Although not exactly like “Shiro Bako” (which detailed the struggles of an anime production company and how they are getting out their latest offering), “New Game” (“Nyu Gemu”) details the struggles of a video game production company and how they are getting out their latest offering of one of their most popular games. It also follows the tale of Aoba Suzukaze, (dead center), a recent high school graduate, whose first real job is working for this company, Eagle Jump, and how she can fit in to the demands that both the company and game want of her. She also runs into or runs afoul of or runs around in circles with the odd and divergent staff that populate this company and I will tell you right out, there is not a single man that works for this place and precious few men seen among the show’s run. This means it raises the question “Is it yuri?” (as you may have seen in my commentary revolving around “Valkyrie Drive: Mermaid”). However, I’m going to let that pass and focus on the show itself.
For a video game production company, it certainly is laid-back and casual. There are no frantic people, flying off the hinges and running around like a comet is going to strike them down because something isn’t working out right and they are losing time and money and sanity. There are deadlines to meet, but they aren’t really make-or-break moments. The game is coming out but there is no firm date that it has to be released upon. It will happen when it happens. (“A wizard arrives at the precise time.”) Our young heroine’s job is to help with background characters (NPCs) but she is basically flung into the deep end of the pool and forced to sink or swim with little more than a ‘get to it’.
And as the new kid in town, she feels intimidated by the seasoned pros there, including (starting from left to right in a circular manner):
Hifumi Takimoto (and her pet hedgehog Sōjirō), character designer.
Nene Sakura. A friend of Aoba, she comes on as a game debugger.
Umiko Ahagon. A programmer who is into airsoft gun play.
Yun Iijima. A character designer for monsters, she often dresses in goth.
Hajime Shinoda. Motion designer, she also owns a lot of prop weapons.
Rin Tōyama. Art director and head of the background department. Good friends with Kō.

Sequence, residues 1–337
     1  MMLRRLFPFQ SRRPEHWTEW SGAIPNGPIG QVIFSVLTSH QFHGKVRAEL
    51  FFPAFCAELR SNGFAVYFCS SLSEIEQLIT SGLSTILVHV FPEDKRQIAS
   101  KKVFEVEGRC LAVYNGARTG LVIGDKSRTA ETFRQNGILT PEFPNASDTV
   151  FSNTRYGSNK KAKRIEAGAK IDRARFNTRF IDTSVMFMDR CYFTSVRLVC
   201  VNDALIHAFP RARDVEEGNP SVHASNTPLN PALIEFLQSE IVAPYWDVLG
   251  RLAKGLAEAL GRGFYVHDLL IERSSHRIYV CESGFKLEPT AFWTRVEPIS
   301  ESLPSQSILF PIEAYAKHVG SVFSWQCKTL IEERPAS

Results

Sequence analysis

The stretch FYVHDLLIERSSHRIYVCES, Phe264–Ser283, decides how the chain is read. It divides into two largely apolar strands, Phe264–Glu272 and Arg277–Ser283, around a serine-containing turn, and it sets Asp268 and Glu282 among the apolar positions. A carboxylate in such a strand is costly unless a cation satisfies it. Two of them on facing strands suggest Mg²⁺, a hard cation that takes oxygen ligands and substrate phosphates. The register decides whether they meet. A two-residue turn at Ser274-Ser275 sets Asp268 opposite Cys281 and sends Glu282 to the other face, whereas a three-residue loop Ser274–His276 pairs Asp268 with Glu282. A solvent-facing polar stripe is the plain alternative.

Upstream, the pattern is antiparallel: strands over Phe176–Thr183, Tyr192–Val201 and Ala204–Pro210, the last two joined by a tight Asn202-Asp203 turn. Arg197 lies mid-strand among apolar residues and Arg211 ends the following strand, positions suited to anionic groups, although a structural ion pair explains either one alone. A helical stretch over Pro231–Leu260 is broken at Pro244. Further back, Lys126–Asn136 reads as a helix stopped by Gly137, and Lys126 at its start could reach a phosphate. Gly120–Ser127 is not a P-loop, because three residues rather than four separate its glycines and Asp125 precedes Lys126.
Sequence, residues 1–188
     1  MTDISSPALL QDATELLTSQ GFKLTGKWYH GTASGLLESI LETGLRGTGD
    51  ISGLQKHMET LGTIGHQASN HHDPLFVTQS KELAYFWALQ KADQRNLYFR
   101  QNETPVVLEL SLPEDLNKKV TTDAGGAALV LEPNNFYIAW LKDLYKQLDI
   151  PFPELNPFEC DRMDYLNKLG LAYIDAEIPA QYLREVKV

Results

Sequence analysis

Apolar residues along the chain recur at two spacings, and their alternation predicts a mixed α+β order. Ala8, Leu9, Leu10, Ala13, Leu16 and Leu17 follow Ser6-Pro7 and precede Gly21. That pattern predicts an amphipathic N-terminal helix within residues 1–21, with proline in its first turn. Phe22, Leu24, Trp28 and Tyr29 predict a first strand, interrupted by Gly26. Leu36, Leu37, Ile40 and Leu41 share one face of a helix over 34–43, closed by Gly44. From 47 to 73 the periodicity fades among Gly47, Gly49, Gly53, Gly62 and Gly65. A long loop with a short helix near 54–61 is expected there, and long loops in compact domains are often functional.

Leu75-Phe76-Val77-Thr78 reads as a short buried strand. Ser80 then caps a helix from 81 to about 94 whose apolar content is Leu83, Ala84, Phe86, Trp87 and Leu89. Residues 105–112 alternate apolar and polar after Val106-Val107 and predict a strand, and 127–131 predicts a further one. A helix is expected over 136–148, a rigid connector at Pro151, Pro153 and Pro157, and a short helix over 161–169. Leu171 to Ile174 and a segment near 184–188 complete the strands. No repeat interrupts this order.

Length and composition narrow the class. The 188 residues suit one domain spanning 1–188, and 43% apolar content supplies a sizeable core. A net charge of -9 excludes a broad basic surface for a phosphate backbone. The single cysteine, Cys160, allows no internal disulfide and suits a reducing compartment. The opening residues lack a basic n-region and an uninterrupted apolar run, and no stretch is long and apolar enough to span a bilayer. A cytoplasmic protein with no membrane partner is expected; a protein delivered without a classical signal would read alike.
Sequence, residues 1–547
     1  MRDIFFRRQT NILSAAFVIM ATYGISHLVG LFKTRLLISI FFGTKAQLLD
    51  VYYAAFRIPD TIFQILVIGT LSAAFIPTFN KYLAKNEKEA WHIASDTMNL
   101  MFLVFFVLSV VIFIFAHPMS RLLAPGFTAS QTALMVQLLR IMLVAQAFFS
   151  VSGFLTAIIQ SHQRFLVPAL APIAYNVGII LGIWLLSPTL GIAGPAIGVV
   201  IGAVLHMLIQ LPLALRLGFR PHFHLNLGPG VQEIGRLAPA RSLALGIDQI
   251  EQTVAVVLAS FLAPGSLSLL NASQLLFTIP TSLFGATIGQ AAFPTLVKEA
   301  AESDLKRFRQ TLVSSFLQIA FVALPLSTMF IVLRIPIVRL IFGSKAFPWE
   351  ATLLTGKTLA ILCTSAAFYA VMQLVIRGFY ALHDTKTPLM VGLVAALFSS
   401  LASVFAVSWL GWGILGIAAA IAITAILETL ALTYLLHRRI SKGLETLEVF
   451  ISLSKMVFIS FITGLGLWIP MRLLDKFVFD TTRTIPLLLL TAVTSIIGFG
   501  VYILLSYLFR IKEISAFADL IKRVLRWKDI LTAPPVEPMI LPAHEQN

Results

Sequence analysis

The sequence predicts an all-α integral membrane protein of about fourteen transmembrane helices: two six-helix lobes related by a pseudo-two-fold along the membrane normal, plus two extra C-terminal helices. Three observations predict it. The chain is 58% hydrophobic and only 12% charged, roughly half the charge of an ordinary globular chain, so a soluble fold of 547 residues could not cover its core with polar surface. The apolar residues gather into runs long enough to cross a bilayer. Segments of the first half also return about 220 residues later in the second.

Kō Yagami, lead character designer, she sometimes sleeps at the office in her undies.
The person off Aoba’s right shoulder is Shizuku Hazuki. She is the game director (with her cat, Mozuku).
Aoba wants to make a good impression, but this is still all very brand new for her, so she is reluctant as to how to ask for animation help or how to work the 3D graphics program or how quickly this all needs to get done.
Again, this is all a very soft show. Potentially, the most dramatic thing that happens is when you cross Umiko, as she has no qualms in whipping out her airsoft guns and plugging you full of pellets. The learning curve is not all that horrible and there is plenty of time for her to learn how to work the PC and get the caliber of character that they need for her. Another great source of comedy is the conflict between Umiko and Nene. The former is quite stern and the latter is rather carefree, so there is a lot of head-butting. But Nene does exactly what is needed in debugging, as one thing she does is see if the characters have underwear on as she looks up their dresses. Hee, hee, hee. Even the ladies do that!
If you are looking for a show with more aggravation and conflict, the aforementioned “Shiro Bako” is more for you. If you merely want a cute show about cute girls doing cute things, this is what you seek. Come for the fairies, stay for the underwear shots.
They came out with an Episode 13 that they bill as an OVA, but it is really a throwaway episode and constitutes the fan service entry, as they go on a company trip to a ski lodge and spend a ton of time in the sauna and the hot springs, talking a lot of nonsense. One reason they talk a lot of nonsense is that the subtitling took a world cruise. It began as Japanese, went to French and then to English, so we have all the pitfalls of a double translation, so the dialogue does not make genuine sense, which make understanding this episode hard. But the gist of it is that they deepen the bonds of friendship and camaraderie that they have, as they look forward to their next project and, as a treat, the next company trip. Let’s hope they get to the beach next time, eh?
On a scale of 1 to 10:
Artwork 9 (Gosh, they are all so cute!)
Plot 7 (Pretty standard)
Pacing 7 (Sometimes too languid)
Effectiveness 7 (Nice, but lacks a harder edge)
Conclusion 4 (It reaches a ‘coupler point’, but hasn’t ended)
Fan Service 2 (A similar show would be “Okamisan”)
Overall 6 (Just a bit more conflict is needed)
And remember, it’s first run until you’ve seen it. Hey, get back to work!